History of the Hogben family and name

Below is a newspaper article in the Herne Bay Press dated October 6th 1977 describing the history of the Hogben family as researched by Victor Hogben, my late first-cousin-once-removed (but see the disclaimer below).

The Hogben line goes back 2,000 years

A Herne Bay pensioner claims direct descent from a native chieftan who was farming in the hills behind Folkestone when the Romans conquered Britain.

Laid out in Mr Victor Hogben's sitting room at 62 The Broadway, a chart takes the family tree back to 47 AD, when an elderly Briton named Huckbone made a promise of tribute to the invaders to spare his life.

Hotheads in the old man's family, however, "wiped out that bondage in Roman blood." They took the victim's shield to their settlement at Lyminge, adopting the lion rampant as their device.

The Huckbones, or Hogbens, have been farming in the same southern parts of Kent ever since. Mr Hogben told the Herne Bay Records Society's annual meeting last week that since his retirement - he is now 80 - he had been researching his ancestral history.

He said: "Kent has a few families whose genealogies go back 1,400 to 1,800 years. A descent from Huckbone, who died about 51 AD, seems to be quite in order in Kentish genealogy..."

Actually, the Hogbens go back in a direct line, without a single break, to the fourth year of King Canute, i.e. 1020. Men and women were then beginning to acquire not only a name, but also some degree of character and individuality. But it was not until the 16th Century that national records began to take in everyone.

The name Huckbone, said Mr Hogben, referred to a peculiarity in the person's gait. A legend handed down from medieval times indicated that a Huckbone provided material for the founding of Queen Ethelburga's convent at Lyminge in the year 639. There are traces of the foundations still to be seen.

In 670, a Huckbone at Eastry discovered the bodies of the two murdered princes in King Egbert's palace, which led to the monarch making his famous confession to Archbishop Theodore who imposed penances.

Oswald Hugbene "Lord of the manor of Lyminge," is mentioned in Domesday. The title Baron Lyminge was conferred by Henry I on William Hogben, when the modern spelling of the name first came into use. In 1255 another William joined the Crusades and adopted the palm tree in his shield device.

Foulmead, in the parish of Sholden, came into the family possession when Dionys was created Baron de Foulmead by Edward I. A subsequent member of the family, Stephen, became Mayor of Romney and Chief Bailiff of Romney Marsh.

From about 1300 onwards, there were a dozen generations of Hogbens who were farmers and landowners. A William Hogben was Mayor of Folkestone in 1626. He succeeded to the title Baron Lyminge and registered the family coat of arms in the name of Lyminge in the reign of James I.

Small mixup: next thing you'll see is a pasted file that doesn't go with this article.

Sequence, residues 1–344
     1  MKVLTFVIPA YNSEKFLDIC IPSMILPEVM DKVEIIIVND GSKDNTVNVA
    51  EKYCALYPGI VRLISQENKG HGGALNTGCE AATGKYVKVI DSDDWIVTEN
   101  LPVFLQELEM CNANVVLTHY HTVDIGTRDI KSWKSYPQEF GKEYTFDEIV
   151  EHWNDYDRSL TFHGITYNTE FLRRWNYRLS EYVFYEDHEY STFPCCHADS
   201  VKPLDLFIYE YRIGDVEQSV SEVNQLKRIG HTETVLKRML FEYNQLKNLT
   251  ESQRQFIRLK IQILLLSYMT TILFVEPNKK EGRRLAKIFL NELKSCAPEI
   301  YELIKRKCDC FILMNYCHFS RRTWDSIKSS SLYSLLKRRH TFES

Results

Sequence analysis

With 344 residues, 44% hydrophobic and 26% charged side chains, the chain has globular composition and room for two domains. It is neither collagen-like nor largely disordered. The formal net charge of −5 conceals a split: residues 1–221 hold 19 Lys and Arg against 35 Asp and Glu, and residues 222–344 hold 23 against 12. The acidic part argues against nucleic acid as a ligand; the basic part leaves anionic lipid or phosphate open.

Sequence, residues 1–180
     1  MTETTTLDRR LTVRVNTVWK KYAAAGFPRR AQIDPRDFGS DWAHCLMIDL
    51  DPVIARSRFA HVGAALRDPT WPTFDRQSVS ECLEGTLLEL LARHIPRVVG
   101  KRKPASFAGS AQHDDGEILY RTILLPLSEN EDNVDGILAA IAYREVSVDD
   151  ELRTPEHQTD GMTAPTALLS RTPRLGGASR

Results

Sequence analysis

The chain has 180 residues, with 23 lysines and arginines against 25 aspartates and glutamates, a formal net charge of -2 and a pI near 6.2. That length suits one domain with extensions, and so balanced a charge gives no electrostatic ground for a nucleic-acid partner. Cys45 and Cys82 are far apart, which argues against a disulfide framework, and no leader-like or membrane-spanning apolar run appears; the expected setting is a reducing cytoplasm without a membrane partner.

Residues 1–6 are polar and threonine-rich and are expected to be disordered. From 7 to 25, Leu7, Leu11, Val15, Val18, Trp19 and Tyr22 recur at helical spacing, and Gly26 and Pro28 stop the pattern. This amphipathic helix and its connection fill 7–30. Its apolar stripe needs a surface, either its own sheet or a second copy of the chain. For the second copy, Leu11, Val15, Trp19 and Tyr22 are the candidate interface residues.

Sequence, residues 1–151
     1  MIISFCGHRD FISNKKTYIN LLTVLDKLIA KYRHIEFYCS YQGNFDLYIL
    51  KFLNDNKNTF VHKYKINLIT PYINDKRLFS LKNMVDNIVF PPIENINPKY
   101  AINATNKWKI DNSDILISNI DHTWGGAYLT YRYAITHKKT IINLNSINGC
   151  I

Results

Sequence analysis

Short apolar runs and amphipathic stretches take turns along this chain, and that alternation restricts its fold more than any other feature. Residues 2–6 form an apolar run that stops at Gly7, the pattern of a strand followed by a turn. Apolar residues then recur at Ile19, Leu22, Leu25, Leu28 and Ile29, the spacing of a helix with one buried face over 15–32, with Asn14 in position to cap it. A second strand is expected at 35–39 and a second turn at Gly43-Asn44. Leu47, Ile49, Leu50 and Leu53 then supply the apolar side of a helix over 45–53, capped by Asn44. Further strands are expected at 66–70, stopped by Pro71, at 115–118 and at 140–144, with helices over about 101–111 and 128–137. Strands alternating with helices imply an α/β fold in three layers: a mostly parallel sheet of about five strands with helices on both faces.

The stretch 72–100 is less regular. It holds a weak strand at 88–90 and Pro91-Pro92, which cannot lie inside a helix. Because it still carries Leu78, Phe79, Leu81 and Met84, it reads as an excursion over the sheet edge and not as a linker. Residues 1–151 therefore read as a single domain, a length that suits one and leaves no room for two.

A sister married into the Knatchbull family, ancestors of Lord Brabourne who, of course, is related to the Royal Family through his wife, a Mountbatten.

However, there were "black sheep" as in all families and in the late 18th Century, a James Hogben was a leading smuggler. He was eventually caught and sentenced to death, but was reprieved at the lastmoment as crowds waited to see him hanged on Penenden Heath.

Oliver Stephen Hogben in 1866 married a cousin Augusta Mary Hogben, who claimed descent from the Vane family. He farmed Heronden, Eastry and Foulmead farms.

In the year of Queen Victoria's diamond jubilee the couple had a son - Victor. "I am therefore present head of the house of Hogben," said Mr Hogben, who for years farmed at Foulmead.

A magistrate, former chairman of Sholden Parish Council and a member of the now defunct Eastry Rural Council, he has also served on Canterbury Prison Committee and taken an active interest the rehabilitation of prisoners.

Mrs Hogben is a member of the Scottish family of Lucas, of which Sir Joseph, who wears the Lamont tartan, is chief of the clan.

Mr and Mrs Hogben have a son Stephen, a graduate of Reading University, who has been teaching farming methods in Kenya and Zambia, and who has a son, Richard Stephen, to carry on the family name.


It has since come to light that Victor was prone to some exaggeration, and that his research was not of the highest quality. Indeed, it has been said that much of what he claims in the article is utter rubbish! So please take it with a large pinch of salt.

Also on this web site: more details on the early ancestry, a Hogben coat of arms and a list of other Hogbens on the net.

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Last revised 20 August 2002

Colin Hogben, hogben@colinhogben.com